- If you only have a very small space to put them on
- If you often have cloud cover, and want to pick up the sun whenever you can
It would be interesting to build one of these and to make flat array with the same number of panels and to test them for efficiency per solar panel area.
What the zig zag pattern does do is pick up the sun for a longer time of the day which is important if it is being direct fed into the grid, but if you are storing it in batteries for overnight use, then this is not an issue - over-all efficiency is.
What does seem easy to make is something that allows the angle to be changed between ideal summer and winter sun, like this one: https://www.instructables.com/id/Ground-Mounted-Solar-Panels-With-Adjustable-Angles/ It would only have to be changed a few times each year.
Because we are on the property through the day anyway, and would use a lot of overnight power in summer (getting up early to cook for a small commercial business, and sprayirrigation overnight) it might be worth it to look at building a hand-turnable tower that allows us to get the early morning sun and also allows us to adjust the angle of the panels, but this would take quite a bit of time, and it might be better just to put the money into more battery storage.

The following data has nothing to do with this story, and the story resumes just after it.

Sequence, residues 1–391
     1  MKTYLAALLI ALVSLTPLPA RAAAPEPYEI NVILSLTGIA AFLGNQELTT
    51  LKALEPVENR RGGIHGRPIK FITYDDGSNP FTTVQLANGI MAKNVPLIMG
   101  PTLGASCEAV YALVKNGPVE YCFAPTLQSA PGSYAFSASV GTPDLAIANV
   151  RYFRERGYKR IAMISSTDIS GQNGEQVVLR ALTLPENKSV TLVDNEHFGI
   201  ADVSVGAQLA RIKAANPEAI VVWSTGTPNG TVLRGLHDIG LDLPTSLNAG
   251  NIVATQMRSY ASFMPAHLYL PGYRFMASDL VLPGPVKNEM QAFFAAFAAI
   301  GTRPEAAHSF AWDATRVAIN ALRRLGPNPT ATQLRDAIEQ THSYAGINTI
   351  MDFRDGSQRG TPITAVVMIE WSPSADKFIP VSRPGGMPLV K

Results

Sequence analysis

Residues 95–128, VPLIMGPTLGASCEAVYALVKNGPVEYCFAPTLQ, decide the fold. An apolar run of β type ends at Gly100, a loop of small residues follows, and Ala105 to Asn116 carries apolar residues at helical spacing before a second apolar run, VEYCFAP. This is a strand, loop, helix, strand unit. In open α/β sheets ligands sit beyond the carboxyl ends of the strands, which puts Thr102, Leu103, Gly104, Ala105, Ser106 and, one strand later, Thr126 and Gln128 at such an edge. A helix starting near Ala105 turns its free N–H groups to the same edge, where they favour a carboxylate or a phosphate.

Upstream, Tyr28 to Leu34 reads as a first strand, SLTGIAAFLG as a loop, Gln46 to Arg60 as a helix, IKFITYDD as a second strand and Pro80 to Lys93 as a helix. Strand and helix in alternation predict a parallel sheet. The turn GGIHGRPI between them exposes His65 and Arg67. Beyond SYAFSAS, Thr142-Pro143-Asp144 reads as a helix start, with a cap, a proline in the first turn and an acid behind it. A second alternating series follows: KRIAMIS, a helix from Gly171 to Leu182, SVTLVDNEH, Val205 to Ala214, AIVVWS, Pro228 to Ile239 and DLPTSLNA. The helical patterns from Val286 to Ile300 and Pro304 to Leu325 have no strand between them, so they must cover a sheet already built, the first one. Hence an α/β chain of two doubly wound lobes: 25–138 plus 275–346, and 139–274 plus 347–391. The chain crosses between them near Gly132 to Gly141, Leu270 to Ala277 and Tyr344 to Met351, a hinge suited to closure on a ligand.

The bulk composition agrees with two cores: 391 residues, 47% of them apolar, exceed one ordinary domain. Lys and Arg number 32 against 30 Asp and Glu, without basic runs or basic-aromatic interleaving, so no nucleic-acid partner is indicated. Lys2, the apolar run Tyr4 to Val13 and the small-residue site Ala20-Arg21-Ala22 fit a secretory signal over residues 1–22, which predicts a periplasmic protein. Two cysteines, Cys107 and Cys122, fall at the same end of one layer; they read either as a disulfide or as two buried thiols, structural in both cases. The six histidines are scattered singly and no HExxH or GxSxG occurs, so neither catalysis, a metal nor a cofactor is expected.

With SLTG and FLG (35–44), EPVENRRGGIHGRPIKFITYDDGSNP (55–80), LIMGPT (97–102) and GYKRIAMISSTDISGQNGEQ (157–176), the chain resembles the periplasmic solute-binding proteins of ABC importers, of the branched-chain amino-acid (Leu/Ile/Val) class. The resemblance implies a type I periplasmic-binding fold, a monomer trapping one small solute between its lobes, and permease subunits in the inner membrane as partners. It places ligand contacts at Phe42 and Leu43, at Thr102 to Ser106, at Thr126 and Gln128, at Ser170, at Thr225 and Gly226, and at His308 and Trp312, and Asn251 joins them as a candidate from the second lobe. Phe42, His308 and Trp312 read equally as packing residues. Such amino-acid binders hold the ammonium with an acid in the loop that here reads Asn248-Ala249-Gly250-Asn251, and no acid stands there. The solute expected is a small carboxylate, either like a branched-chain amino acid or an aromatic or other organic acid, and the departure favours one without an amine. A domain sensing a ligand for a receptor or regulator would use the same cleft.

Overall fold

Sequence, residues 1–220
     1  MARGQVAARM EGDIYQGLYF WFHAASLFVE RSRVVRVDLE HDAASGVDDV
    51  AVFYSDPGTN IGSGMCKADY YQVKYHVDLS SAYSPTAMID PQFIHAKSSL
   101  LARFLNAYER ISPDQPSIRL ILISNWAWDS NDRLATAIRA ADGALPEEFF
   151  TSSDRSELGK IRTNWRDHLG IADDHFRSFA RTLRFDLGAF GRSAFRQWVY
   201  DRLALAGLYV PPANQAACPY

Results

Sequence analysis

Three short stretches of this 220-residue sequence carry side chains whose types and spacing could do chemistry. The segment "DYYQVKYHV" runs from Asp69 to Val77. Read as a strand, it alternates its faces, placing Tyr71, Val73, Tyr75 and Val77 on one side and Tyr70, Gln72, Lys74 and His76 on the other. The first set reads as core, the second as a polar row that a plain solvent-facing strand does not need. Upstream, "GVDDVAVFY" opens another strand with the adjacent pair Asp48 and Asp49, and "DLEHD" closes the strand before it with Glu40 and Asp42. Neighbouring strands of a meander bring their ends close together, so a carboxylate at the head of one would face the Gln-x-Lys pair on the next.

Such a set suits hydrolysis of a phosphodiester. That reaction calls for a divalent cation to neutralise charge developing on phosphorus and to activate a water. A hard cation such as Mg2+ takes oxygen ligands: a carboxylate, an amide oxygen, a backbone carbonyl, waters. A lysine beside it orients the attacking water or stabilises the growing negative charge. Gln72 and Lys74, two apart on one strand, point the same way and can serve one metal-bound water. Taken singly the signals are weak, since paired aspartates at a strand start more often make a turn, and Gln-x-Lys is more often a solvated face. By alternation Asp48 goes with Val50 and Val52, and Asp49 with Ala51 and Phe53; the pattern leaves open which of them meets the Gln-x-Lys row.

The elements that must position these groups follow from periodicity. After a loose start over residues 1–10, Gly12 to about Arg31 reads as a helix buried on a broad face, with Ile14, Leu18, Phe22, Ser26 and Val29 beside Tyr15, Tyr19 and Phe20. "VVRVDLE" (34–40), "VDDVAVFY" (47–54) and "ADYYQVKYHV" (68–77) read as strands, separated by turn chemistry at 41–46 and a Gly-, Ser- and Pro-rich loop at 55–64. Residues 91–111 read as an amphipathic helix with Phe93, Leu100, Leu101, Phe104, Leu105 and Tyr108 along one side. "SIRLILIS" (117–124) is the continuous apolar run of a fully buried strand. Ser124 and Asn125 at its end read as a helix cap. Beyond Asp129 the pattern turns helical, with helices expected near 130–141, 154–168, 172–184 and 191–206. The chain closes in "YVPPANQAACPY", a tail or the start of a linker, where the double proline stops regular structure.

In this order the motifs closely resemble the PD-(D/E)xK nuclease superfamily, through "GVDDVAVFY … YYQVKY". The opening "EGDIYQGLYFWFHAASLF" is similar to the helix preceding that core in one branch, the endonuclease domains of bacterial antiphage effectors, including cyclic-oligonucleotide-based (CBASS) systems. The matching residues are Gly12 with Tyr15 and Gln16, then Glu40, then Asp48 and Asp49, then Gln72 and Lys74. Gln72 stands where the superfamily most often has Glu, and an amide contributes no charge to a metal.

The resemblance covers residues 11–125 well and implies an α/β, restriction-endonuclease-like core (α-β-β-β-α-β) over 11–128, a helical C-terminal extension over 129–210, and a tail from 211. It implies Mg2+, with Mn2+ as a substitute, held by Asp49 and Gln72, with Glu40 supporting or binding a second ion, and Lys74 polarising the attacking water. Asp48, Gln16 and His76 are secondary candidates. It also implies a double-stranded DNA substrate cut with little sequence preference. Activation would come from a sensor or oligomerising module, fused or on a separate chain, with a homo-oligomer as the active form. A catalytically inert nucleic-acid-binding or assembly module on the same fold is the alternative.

Annie Hope wrote:Just received them a few days ago, and not sure what to do from here to test them for efficiency.
Yes well, gosh. Since I have lived off grid all solar for 15 years, I have gone through trying to outsmart the systems like this so many times that my best advice is, YOU DO NOT NEED TO REINVENT THIS WHEEL.
Anyway you are not yet equipped to test " efficiency" sorry but unless you are an EE with a few hundred thousand $ of equipment at your disposal, that is a false errand.
Look on the back of the panel. learn to understand what those terms mean. here is a simple how to. https://www.altestore.com/blog/2016/04/how-do-i-read-specifications-of-my-solar-panel/#.X08dK8hKhPY Now obtain a multimeter capable of reading DC Amps. Many cheaper meters will only read AC amps, which in this case is a meaningless number.
Test the VOC, this is the "open circuit voltage" this is NOT what you may receive under load, but it is what you need to know to compare to the back of the panel specs. that means put the red probe in the positive and the black in the negative. If you do not have an indication on the panel of which is which, you can pull the cover and look at the direction of the diodes, but you need to up your game on this stuff first. Lots of internet resources, most are confusing.